Not everyone might admit to enjoying romance novels — or, at the very least, novel romances — but just about everyone secretly loves the excitement, intrigue, drama, and tension that unfolds in a good romance, and everyone likes a good love story.
If you’re a budding writer, dipping your toes into a romance novel is often a great way to start. This universally-relatable genre is, after all, uniquely fun to tackle. As a bonus, it’s easy to draw inspiration from your own life as you outline plot ideas and craft characters for your story.
Writing any novel is unabashedly terrifying, though, especially if you’re hoping to (self-)publish your book once you’re done. You’ll have to do all the hard work yourself, but there’s no rule against using all the tips you can get your hands on. We hope that you will feel a little more confident about sitting down to write with this short guide under your belt!
Writing a Romance Novel: The Basics
Romance novels have been popular since the ancient Greeks roamed the world — and this genre can best be described as one in which love, relationships, and all the drama that so often surrounds romance form the very core of the plot.
Romance novels differ from novels that feature romance in this fundamental way, but romance novels can have strong sub-genres that include all your favorites:
No matter what niche a romance novel falls into, readers flock to the story for the romance, and the opportunity to temporarily escape their own lives to find drama, inspiration, happiness, or laughter in the plot. This light-hearted escapism is ultimately to thank for the fact that romance remains the most popular genre of all time!
A Look at the Essential Elements of a Romance Novel
Any good romance novel shares its anatomy with any good novel, period. Fiction that satisfies readers contains a few universal elements — and if you’re thinking about penning a romance novel, you’ll want to make sure that you’re setting yourself up to include all of them. Let’s take a look!
A novel’s theme is the underlying message, or common thread, that runs through the entire work. Commonly-used themes, that can work in romance novels as well, include judgment, survival, coming of age, suffering, heroism, and rags to riches. A thematic statement can be used to narrow this down even further, and one example would be “sometimes love really is enough — are you willing to sacrifice everything for it?”.
The setting is the broader world in which the plot of a romance novel unfolds, and this world-building aspect of the novel usually determines the sub-genre.
Sci-fi romance novels may, for instance, be set in the far future or on another planet — and the main characters may not be human. Contemporary romance novels are set in a world that resembles our own, while historical romance novels could unfold in ancient Egypt or in Enlightenment Europe. Fantasy romance novels may feature elves or other magical creatures, and be set in a whimsical world. Romance novels can also be set in dystopian worlds full of suffering.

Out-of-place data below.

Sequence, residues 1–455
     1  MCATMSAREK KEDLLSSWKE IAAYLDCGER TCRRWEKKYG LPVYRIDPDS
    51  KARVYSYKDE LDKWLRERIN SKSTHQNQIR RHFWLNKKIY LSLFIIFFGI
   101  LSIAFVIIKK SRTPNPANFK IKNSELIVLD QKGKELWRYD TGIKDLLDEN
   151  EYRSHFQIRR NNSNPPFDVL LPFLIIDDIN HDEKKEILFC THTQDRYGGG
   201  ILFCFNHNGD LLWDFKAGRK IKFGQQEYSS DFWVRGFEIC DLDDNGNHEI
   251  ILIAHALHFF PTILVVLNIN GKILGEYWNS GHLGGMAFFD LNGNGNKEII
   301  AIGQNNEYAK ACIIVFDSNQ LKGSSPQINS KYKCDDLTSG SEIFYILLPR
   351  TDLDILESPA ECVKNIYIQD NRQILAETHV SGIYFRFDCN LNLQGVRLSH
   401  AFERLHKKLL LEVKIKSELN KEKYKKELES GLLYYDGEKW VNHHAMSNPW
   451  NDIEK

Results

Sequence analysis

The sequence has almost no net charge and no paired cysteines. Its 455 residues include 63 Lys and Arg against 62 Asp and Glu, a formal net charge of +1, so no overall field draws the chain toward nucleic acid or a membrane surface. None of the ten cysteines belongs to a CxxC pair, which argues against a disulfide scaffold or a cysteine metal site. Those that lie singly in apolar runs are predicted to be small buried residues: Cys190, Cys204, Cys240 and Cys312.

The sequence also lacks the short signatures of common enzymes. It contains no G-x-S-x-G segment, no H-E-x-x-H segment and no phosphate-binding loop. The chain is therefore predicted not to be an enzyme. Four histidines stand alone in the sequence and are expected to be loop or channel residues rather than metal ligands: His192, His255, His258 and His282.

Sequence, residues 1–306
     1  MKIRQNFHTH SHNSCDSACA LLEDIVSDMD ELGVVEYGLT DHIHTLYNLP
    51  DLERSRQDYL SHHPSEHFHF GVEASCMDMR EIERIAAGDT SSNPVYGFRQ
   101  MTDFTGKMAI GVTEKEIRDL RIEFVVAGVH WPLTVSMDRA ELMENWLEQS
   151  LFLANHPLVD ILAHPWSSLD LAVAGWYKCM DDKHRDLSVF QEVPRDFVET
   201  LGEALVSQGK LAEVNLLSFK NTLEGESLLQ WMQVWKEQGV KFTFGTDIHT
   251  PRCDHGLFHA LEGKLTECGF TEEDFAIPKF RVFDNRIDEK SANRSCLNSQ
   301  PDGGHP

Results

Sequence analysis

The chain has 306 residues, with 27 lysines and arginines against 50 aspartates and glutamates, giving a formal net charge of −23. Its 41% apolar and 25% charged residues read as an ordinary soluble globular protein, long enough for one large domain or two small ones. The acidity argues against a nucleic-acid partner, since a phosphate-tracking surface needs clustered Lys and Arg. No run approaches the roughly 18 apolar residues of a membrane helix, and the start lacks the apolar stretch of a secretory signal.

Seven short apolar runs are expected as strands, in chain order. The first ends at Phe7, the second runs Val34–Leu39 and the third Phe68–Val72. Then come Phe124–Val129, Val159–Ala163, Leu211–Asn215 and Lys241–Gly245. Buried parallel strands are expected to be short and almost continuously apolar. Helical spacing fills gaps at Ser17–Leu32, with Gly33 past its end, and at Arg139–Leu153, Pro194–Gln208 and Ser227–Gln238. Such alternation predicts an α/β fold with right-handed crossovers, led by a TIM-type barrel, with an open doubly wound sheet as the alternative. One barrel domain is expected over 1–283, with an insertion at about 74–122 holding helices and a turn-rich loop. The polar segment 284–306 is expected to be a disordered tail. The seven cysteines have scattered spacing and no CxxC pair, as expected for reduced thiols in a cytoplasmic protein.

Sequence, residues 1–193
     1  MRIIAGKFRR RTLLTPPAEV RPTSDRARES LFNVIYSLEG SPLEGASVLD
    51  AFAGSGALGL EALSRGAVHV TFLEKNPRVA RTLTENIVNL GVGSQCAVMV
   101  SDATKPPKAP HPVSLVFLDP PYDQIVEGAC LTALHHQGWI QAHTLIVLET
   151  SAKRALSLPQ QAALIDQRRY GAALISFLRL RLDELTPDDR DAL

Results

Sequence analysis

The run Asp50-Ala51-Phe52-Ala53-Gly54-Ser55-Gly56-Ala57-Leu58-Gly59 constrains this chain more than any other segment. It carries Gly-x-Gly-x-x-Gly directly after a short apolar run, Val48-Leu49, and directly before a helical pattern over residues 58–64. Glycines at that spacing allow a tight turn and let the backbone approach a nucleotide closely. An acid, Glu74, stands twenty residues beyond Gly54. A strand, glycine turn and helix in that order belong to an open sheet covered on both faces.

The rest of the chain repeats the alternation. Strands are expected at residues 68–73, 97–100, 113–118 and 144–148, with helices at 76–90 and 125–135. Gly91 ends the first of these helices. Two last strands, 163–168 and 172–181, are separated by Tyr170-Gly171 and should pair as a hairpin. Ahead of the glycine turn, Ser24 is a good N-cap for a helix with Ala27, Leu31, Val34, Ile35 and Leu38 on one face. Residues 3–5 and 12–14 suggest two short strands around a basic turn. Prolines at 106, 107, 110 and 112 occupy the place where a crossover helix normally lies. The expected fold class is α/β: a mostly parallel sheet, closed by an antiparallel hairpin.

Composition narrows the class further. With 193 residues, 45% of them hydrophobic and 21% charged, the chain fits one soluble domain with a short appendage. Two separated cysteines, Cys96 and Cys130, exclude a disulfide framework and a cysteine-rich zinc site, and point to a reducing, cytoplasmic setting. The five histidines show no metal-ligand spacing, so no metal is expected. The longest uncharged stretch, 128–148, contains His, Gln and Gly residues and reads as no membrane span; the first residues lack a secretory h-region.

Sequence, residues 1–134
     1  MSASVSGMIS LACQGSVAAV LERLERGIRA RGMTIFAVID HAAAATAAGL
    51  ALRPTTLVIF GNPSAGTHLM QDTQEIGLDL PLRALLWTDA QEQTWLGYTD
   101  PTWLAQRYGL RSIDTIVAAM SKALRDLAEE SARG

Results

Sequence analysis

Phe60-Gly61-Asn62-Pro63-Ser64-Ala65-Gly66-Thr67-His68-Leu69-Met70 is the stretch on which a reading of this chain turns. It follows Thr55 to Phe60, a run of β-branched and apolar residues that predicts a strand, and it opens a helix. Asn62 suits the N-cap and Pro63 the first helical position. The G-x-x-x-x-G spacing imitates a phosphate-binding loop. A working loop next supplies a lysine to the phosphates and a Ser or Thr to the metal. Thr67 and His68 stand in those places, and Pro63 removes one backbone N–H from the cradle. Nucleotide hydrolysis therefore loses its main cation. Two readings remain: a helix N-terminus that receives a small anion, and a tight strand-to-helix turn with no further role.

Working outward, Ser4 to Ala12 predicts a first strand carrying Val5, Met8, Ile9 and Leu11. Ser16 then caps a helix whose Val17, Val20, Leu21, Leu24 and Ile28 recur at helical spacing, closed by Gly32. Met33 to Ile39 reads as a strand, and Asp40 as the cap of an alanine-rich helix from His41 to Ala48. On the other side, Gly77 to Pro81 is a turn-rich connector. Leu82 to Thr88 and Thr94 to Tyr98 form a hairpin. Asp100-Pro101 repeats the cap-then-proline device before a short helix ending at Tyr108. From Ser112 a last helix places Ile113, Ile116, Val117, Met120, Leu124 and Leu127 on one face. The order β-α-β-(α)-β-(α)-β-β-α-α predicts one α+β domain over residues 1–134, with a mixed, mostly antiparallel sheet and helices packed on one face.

The setting may not be the primary element in a romance novel — that’s reserved for the love story itself — but they set the mood.
People who read romance novels ultimately seek someone they can root for, so it’s important for your protagonist to be relatable; something that almost always means flawed, but likeable. The protagonist’s love interest should also be nice enough that your readers don’t spend the entire novel hoping the two don’t end up together! However, it’s also important to throw an antagonist or two into the novel to create tension.
Build-up, climax, resolution — this sequence could describe just about any novel, and for a book to be enjoyable to read, it is essential for conflict and tension to lie at the core of the story.
In a romance novel, the build-up should include the chapter in which the primary characters meet for the first time, and begin having romantic feelings for one another.
The conflict can be described as the obstacles standing in the way of the relationship, or the reason the two characters can’t be together. Maybe your protagonist’s love interest is already married to someone else, and the two are carrying on an illicit affair. Perhaps your protagonist is in love with her boss, and pursuing the relationship would get one or both of them fired. Your romance novel could be set in an alien world, where inter-species romance is frowned upon, or perhaps your protagonist’s love interest has just agreed to go on a mission to save the planet when the two meet, thus forcing them apart.
They’re in love despite their challenges, so readers will get to enjoy plenty of romantic tension and drama — all of which keep the plot interesting.
In the end, however, it’s important for your characters to finally find a way to be together. Without this satisfying resolution, your novel can’t truly be called a romance novel.
How to Write a Romance Novel: A Step-by-Step Guide
The process of writing a romance novel can be divided into four main tasks — brainstorming, organizing your ideas, sitting down to actually write the novel, and editing. Not all romance writers will tackle each of these steps in the same order, but it’s all got to be done. By following these steps, you’ll develop a framework that allows you to establish a routine, and routines are definitely your friend. Most romance novels are between 50,000 and 100,000 words long, so your book-writing journey is definitely a marathon, and not a sprint!
1. Settle on a Sub-Genre for Your Romance Novel